In many parts of North America (about half the United States and all of Canada) /ɑː/ and /ɔː/ sound the same. This is in addition to the father - bother merger, where /ɑː/ and /ɒ/ sound the same. This means that caught /ɔː/, cot /ɒ/, father /ɑː/ and bother /ɒ/ have all the same stressed vowel /ɑː/. In this accent /ɔː/ appears only followed by /r/: north, force.
This accent is so prevalent that it is used in Merriam Webster Learner's Dictionary and in Cambridge Dictionaries Online for British English, US label. Note that Cambridge Dictionaries Online list two different American pronunciations, and only the one that is labeled US has the cot-caught merger.
Other names for this merger (better for those who have it) are "LOT - THOUGHT merger" or "PALM - LOT - THOUGHT merger". There is an area in the United States (in New England) where "lot" and "thought" are merged as [ɒ] but "palm"/"father" is different (as [ɑ]). This means that strictly speaking "LOT - THOUGHT merger" and "PALM - LOT - THOUGHT merger" are different concepts.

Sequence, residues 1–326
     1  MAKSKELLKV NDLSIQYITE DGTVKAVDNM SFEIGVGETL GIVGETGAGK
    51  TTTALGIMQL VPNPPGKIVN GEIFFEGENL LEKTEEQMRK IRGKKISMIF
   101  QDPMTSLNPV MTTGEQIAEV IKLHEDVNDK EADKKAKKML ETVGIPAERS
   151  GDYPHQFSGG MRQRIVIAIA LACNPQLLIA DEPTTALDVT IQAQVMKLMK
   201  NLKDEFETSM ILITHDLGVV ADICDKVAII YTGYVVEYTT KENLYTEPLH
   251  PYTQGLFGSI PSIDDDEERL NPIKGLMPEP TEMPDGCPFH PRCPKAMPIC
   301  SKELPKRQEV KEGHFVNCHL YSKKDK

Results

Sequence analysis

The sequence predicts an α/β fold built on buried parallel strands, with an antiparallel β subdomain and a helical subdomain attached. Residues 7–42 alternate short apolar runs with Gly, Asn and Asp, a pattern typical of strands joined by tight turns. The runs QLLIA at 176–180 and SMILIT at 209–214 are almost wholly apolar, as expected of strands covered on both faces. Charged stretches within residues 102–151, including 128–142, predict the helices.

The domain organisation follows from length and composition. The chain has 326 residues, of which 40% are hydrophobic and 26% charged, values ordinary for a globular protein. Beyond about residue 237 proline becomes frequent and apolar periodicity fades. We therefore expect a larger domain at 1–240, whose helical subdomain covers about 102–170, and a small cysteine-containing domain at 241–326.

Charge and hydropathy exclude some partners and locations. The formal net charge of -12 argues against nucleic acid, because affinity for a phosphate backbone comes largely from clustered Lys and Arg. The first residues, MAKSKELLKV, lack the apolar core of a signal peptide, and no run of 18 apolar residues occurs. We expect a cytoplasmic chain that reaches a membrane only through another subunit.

|Sample word||Merriam Webster's
British English - US
|Most American Dictionaries
(if they use IPA)
|cloth||/ɑː/||/ɑː/||/ɔ/||/ɔ/||/ɒ*/ or /ɒBrE, ɔːAmE/|
|force||/oɚ/||/ɔːr/||/ɔr, oʊr/||/ɔr/ and sometimes /oʊr/||/ɔːr/|
|glory||/or/||/ɔːr/||/ɔr, oʊr/||/ɔr/ and sometimes /oʊr/||/ɔːr/|
Sometimes we mark the CLOTH vowel with an asterisk, as follows:
- *: These words are pronounced with /ɔː/ in General American.
The cot-caught merger generates very few homophones.
- bot (computer program; shortening of robot) - bought; collar - caller; cot - caught; don (put clothes on)/Don (nickname of Donald) - dawn/Dawn; stock - stalk;
- William Labov,The Organization of Dialect Diversity in North America, The o/oh merger [i.e. The /ɑː - ɔː/ merger].